LOS ANGELES – Today, the U.S. Environmental Protection Agency announced a settlement valued at more than $400,000 with Halliburton Energy Services, Inc. for a fleet of diesel trucks that violated California’s Truck and Bus Regulation. The company will spend $180,600 on environmental projects to reduce air pollution at schools in the Los Angeles area, and $75,000 on air quality improvements in the San Joaquin Valley. It will also pay a $154,400 civil penalty and has taken measures to comply with the law.
EPA made the announcement at Van Deene Avenue Elementary School near Torrance, Calif., joined by the California Air Resources Board, the South Coast Air Quality Management District and the Los Angeles Unified School District to highlight the air filtration systems being installed to protect students’ health.
Halliburton, headquartered in Houston, Tex., is one of the world’s largest providers of products and services to the energy industry. The company operated 61 heavy-duty diesel trucks in California from 2012 to 2014 without the required diesel particulate filters and failed to verify compliance with the Truck and Bus Regulation for its hired motor carriers. Fine particulate matter (soot) can be emitted directly from sources such as diesel engines.
"This ground-breaking settlement takes aim at a major source of road pollution in a state burdened with some of the worst air quality in the nation,” said Alexis Strauss, EPA’s Acting Regional Administrator for the Pacific Southwest. “Transport companies must comply with California's rule to cut the pollutants that lead to higher asthma rates for children and more emergency room visits for heart and lung illnesses.
“This settlement clearly demonstrates that working together with the U.S. EPA provides expanded and enhanced enforcement of California’s Truck and Bus Regulation,” said Todd Sax, head of CARB’s Enforcement Division. “All trucking companies operating in California must comply with this rule so that all of California, especially those in our hardest hit communities, can breathe clean air that meets federal air quality standards.”
In addition to the filters at Van Deene Avenue Elementary School, Halliburton will pay to have similar systems installed at the 186th Street Elementary School and Riley High School in Gardena. The systems will reduce exposure to ultrafine particulate matter, black carbon, and fine particulate matter emitted from trucks operating on highways near the school sites. The South Coast Air Quality Management District’s contractor IQAir North America will verify the performance of the systems and training of school staff to ensure their proper operation. The project includes a five-year supply of replacement filters, which are expected to remove more than 90 percent of ultra-fine particulate matter and black carbon, based on independent testing. Schools near major freeways can increase exposure to air traffic pollution. Studies have shown that improved indoor air quality in classrooms increases productivity and improves attendance and performance in both adults and students.
"This school is less than one block from a major freeway,” said Wayne Nastri, SCAQMD’s Acting Executive Officer. “Studies have shown many adverse health effects are associated with exposure to vehicle emissions near busy roadways, especially diesel exhaust particulate emissions that are classified as a human carcinogen. In addition, children are more susceptible to air pollution. These classroom air filters will help protect students’ health.”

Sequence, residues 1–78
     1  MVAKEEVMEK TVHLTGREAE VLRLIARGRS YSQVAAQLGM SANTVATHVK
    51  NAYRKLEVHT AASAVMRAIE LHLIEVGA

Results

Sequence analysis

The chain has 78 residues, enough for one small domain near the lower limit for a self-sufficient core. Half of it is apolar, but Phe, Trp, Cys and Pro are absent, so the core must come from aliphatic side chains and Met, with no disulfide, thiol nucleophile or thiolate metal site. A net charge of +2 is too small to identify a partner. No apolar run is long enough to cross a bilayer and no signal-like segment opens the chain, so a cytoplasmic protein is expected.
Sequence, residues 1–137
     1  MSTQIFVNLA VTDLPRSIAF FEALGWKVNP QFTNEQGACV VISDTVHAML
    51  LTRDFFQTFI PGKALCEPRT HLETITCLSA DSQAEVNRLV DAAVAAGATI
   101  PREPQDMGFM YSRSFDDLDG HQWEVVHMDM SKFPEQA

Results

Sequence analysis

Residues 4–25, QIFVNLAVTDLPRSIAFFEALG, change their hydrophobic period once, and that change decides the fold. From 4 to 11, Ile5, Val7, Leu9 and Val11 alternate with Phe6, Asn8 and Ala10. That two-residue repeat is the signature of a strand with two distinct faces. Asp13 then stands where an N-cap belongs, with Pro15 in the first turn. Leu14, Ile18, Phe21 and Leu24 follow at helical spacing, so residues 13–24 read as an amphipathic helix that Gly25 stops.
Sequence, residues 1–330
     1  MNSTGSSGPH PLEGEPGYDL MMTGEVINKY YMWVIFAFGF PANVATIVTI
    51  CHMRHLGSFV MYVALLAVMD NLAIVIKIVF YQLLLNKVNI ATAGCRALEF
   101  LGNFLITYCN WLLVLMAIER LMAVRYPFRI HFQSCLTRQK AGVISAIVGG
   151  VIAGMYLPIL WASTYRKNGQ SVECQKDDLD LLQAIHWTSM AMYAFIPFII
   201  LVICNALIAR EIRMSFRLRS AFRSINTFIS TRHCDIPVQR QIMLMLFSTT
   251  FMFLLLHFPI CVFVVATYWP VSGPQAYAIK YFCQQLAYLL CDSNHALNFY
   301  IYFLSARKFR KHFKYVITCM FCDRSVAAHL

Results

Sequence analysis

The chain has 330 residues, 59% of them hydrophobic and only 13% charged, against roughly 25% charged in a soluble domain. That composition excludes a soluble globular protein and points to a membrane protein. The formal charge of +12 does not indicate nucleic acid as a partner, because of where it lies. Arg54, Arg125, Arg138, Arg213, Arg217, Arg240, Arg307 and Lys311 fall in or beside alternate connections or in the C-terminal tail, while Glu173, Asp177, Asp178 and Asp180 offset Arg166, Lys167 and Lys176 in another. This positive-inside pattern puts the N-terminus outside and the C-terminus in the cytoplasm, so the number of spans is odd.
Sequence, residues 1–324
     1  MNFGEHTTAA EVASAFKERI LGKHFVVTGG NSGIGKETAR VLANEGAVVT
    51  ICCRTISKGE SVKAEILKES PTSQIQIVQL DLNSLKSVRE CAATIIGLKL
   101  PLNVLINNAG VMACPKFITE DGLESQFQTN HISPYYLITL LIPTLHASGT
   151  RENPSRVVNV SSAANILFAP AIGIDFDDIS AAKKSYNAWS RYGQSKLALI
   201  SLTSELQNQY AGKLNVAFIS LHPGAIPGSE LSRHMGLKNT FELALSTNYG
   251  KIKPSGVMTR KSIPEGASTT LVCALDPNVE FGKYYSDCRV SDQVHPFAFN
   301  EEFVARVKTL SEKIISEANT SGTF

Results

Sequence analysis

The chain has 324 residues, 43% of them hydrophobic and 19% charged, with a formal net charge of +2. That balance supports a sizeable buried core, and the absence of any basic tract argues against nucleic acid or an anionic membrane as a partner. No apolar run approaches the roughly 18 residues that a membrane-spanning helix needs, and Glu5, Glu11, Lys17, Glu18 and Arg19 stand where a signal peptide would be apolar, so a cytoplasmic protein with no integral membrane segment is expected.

“On behalf of the students and faculty at Van Deene Avenue and 186th Street Elementary Schools and Riley High School, we are grateful that air filtration systems will be installed at our schools. The health and safety of students and staff remains our top priority,” said Christopher Downing, L.A. Unified Superintendent, Local District South.
Halliburton will also provide $75,000 to the San Joaquin Valley Air Pollution Control District in support of its Healthy Air Living Schools Program. The funds will enable schools to receive hourly, real-time data on poor air quality so that timely action can be taken to avoid student exposure to unhealthy outdoor air. The program will also raise awareness of the public health impacts from idling buses and automobiles near schools. Idling vehicles contribute to air pollution and emit air toxics that are known or suspected to cause cancer and other serious health effects.
In California, mobile sources of diesel emissions, such as trucks and construction equipment, are one of the largest sources of ultrafine particulate matter. About 625,000 trucks are registered outside of the state, but operate in California and are subject to the rule. Many of these vehicles are older models and emit particulate matter and nitrogen oxides (NOx).
The California Truck and Bus Regulation was adopted into federal Clean Air Act plan requirements in 2012 and applies to diesel trucks and buses operated in California. The rule requires trucking companies to upgrade vehicles they own to meet specific NOx and particulate matter performance standards and also requires trucking companies to verify compliance of vehicles they hire or dispatch. Heavy-duty diesel trucks in California must meet 2010 engine emissions levels or use diesel particulate filters, which can reduce the emissions of diesel particulate into the atmosphere by 85 percent or more.
Exposure to traffic-related air pollution has been linked to a variety of short-term and long-term health effects, including asthma, reduced lung function, impaired lung development in children, and cardiovascular effects in adults. Children’s exposure to traffic-related air pollution while at school is a concern because many schools across the country are located near heavily traveled roadways and children are particularly vulnerable to air traffic pollution.